Even though I claim guitar as my passion, drums are my first love. When I listen to music, it’s always the drumming that I pay attention to. I almost never play air guitar, but I’ll air drum whenever I’m sitting alone. I even still own the bass drum from the kit that my parents bought me when I was five…
A kit that they bought me despite the existence of the above public service announcement, which was released some 20 years before my birth.
This all makes it much more ironic that I loathe drum programming.
Is loathe even the right word? Is hate better? Programming drums is like the Monday morning of music creation. Scott Hull I am not. This is why I decided to harness the awesome power of the internet to get a book to help me program drums in a better way.
All I did was waste five dollars.
I’m not going to draw this out much longer. This book is a collection of basic beats in a variety of (often ridiculously contrived) genres (no, really, “hip-hop” and “holy hip-hop” are given their own sections). It looks like it was written by taking screen shots of Fruity Loops and then shifting the colors. There’s nothing here about humanizing via velocity changes or adding swing or effects or anything. besides. basic. beats. Beats, written in a handy, 16 step sequencer.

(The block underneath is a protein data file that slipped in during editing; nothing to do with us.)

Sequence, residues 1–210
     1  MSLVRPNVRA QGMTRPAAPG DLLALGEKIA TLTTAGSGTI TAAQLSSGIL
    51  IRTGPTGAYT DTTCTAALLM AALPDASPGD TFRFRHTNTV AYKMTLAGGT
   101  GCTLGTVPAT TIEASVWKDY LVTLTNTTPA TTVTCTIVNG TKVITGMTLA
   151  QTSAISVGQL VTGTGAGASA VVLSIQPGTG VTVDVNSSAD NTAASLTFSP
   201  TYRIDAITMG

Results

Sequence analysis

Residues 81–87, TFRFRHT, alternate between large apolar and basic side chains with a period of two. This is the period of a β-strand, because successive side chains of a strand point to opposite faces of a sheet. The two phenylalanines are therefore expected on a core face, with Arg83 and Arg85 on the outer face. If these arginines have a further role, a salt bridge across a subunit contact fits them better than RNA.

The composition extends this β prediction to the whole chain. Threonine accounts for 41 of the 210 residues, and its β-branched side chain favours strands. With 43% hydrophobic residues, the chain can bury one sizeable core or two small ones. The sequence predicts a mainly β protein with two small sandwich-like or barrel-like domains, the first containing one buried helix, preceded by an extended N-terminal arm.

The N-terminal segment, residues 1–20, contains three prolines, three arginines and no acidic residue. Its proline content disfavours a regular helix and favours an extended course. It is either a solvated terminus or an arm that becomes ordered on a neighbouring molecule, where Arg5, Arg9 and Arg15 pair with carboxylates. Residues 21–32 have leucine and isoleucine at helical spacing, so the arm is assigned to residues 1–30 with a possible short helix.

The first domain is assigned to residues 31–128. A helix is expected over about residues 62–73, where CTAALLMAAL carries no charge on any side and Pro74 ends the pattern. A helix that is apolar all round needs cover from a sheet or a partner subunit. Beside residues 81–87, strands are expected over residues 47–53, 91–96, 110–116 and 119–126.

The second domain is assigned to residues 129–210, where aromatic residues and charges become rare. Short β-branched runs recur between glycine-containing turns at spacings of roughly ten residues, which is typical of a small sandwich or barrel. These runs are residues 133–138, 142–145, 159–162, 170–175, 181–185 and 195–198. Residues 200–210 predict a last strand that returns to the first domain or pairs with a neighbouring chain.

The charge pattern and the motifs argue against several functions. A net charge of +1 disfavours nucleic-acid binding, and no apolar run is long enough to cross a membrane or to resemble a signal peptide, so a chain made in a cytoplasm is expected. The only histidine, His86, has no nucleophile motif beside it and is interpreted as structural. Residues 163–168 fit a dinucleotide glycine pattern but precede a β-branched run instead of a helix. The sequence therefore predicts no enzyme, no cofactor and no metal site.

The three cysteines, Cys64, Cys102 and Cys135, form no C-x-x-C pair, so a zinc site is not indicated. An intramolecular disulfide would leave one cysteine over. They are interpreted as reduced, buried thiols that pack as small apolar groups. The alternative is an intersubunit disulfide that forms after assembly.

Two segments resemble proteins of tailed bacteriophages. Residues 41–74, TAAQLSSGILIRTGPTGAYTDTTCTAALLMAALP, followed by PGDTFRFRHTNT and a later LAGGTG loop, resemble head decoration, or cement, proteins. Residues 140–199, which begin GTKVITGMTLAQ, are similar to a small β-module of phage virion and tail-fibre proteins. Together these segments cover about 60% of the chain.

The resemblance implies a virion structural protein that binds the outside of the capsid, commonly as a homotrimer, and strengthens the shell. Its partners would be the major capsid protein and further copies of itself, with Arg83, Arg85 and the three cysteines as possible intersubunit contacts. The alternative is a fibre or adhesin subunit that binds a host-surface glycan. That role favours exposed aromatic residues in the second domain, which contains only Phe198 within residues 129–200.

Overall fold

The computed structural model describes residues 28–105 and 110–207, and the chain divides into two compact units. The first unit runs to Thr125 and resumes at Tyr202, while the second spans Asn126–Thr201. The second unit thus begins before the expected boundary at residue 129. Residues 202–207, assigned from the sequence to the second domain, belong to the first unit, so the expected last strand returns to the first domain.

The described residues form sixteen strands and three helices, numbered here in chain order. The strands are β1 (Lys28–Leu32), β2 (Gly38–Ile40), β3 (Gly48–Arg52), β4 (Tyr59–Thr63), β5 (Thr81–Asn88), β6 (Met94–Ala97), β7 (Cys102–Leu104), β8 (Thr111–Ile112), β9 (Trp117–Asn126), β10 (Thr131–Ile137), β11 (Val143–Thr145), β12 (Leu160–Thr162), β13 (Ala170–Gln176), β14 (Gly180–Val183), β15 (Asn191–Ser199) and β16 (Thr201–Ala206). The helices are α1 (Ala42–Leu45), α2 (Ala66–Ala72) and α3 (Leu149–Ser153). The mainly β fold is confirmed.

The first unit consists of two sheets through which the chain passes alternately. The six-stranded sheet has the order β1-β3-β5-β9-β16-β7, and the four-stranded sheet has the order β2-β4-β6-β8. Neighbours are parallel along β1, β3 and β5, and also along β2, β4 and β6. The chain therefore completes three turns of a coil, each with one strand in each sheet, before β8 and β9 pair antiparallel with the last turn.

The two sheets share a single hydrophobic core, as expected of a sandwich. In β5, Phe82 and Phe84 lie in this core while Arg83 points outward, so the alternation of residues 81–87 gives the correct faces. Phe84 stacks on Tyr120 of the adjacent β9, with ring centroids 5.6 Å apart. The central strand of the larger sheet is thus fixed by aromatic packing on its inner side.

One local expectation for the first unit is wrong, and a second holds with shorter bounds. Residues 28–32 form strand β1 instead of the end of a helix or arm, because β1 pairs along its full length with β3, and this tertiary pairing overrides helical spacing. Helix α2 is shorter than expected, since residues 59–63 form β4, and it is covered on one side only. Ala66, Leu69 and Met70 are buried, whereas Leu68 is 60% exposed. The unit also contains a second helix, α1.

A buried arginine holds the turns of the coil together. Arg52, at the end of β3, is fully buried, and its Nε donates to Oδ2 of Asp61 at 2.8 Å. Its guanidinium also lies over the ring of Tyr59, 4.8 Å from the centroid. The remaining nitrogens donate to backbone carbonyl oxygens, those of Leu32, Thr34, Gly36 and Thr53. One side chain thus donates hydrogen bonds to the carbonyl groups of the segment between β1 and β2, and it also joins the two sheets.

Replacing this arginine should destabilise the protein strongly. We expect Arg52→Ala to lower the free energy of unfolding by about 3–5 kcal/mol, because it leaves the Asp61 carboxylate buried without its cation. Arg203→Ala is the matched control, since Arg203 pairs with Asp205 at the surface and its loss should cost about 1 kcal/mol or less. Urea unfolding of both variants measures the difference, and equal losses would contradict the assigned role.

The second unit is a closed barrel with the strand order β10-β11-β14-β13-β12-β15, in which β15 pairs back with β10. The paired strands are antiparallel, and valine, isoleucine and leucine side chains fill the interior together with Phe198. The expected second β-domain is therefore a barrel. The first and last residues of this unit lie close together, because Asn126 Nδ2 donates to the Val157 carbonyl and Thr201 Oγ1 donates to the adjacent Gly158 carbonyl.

Adding insult to injury, it looks like it was re-released at twice the price (now with fewer negative reviews). I would have a hard time recommending this at $4.99, at $9.99, this is a joke.
If you don’t know what “on the one” means this book may be helpful, and that is the only thing saving this from a complete garbage rating. However, if you’ve ever opened a step sequencer, you’d do better just by experimenting. As it sits, this just barely comes in above trash. No, seriously, don’t buy this book.
Garbage R ecommended Essential
You can buy John H. Hinson, III’s Drum Machine Programming at Barnes and Noble. But I wish you wouldn’t.